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Aerie’s Body Positive Messaging is Driving Both Sales and Change

Aerie has been making headlines with its body positivity and inclusivity marketing, swearing off retouching or editing photos of the models it uses in its imagery. This revolutionary and risky approach that started four years ago as a defensive strategy against competitors with oversexualized and unrealistic marketing has not only helped the sister brand of American Eagle Outfitters grow market share—it has also helped set a new standard for how to connect with today’s strong, empowered young females.

The #AerieReal Campaign began when the company’s marketing team had a frank conversation about the unhealthy relationships some women have with their bodies, and how retouching of ads has contributed to the rise of low self-esteem, eating disorders and other self-afflictions.

As such, they decided to create a campaign that would change all of that. The new imagery, with stretch marks, cellulite, love handles, freckles and other so-called “flaws” that are often photoshopped out of fashion ads, struck a chord with consumers, sending store traffic—and sales—on a healthy growth trajectory. What began as a simple change in creative strategy ended up dramatically transforming the DNA of the Aerie brand – something no other mall-based retailer in recent memory has been able to pull off.

Last month, the brand celebrated its best quarter ever. In the three months ended Feb. 3, comparable store sales rose a staggering 34 percent over the prior year, its best quarter ever.

In addition to unretouched photos, #AerieReal uses in-store events, “pop-up tour” visits to college campuses, and tie-ins with charities, like the Bright Pink Foundation promoting breast health, and NEDA, the National Eating Disorders Association, to connect with consumers.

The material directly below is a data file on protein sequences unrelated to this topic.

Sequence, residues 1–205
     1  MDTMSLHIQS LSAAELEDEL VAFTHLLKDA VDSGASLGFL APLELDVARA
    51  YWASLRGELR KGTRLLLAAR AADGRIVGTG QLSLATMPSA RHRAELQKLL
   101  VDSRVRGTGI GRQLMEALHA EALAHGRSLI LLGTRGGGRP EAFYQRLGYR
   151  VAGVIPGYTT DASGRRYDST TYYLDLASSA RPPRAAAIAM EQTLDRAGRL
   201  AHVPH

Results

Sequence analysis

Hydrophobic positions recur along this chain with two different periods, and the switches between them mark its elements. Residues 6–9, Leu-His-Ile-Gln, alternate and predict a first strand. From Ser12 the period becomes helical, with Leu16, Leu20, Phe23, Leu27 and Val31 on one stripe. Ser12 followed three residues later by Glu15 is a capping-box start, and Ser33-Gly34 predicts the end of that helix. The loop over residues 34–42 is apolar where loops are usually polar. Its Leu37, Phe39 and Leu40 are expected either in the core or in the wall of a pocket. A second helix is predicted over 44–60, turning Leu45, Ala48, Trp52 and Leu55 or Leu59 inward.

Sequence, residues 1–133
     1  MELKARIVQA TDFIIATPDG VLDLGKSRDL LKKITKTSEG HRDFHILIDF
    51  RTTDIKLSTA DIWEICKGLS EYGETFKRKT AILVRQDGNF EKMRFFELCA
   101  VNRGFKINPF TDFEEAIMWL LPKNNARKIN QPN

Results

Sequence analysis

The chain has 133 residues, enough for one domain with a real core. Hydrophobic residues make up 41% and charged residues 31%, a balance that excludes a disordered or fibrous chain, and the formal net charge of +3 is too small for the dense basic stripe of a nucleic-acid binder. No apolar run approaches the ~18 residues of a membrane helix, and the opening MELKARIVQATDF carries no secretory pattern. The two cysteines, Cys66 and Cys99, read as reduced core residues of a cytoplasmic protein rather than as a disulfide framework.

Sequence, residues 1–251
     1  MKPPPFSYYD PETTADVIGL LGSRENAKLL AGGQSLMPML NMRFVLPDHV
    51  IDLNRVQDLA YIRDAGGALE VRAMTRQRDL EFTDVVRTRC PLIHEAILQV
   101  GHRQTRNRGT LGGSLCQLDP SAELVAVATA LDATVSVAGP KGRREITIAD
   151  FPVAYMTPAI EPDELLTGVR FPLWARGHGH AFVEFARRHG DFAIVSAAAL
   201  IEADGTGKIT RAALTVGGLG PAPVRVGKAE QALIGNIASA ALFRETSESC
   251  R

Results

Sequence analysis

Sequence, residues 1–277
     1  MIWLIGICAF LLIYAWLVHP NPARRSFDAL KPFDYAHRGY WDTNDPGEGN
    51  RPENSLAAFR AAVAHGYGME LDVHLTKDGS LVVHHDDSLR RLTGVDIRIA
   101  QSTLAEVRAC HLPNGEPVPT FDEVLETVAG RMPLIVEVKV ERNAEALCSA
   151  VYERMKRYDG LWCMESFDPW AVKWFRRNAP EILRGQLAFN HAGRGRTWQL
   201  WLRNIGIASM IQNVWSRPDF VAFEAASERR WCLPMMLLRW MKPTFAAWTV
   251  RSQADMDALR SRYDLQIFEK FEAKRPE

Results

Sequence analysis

Model Iskra Lawrence, one of the most famous of AerieReal’s brand ambassadors, with 4 million followers on Instagram (@Iskra), said, “I connect with consumers directly at store visits and in college events, where we hug, talk, and sometimes even cry […] For many of them, it’s the first time they’ve had a positive shopping experience or have been able to relate to a mainstream campaign.”

Aerie’s mix of “role” models also includes groundbreakers like Olympic medalist Aly Raisman, singer-songwriter Rachel Platten (of “Fight Song” fame), and 18-year-old actress-activist (and soon-to-be Harvard student) Yara Shahidi, are living proof that for Aerie, a woman’s accomplishments are as much a part of her beauty as her appearance.

As Aerie president Jennifer Foyle put it, “These are strong, confident empowered women who celebrate their real selves…No need to retouch these incredible and beautiful women.”

As anyone in the business knows, without compelling product that satisfies the brand promise, marketing falls flat. Aerie’s unique designs, high-quality fabrics and superior comfort and fit result in intimates, activewear, loungewear and accessories that enhance a woman’s inner and outer beauty. When Victoria’s Secret abandoned its swimwear line, Aerie jumped right in, so to speak, to capture a relevant part of that business. Foyle told analysts the brand has many new products, ideas and fabrics in the pipeline, all anchored in quality and value. This year, she said, will be about “newness and innovation.”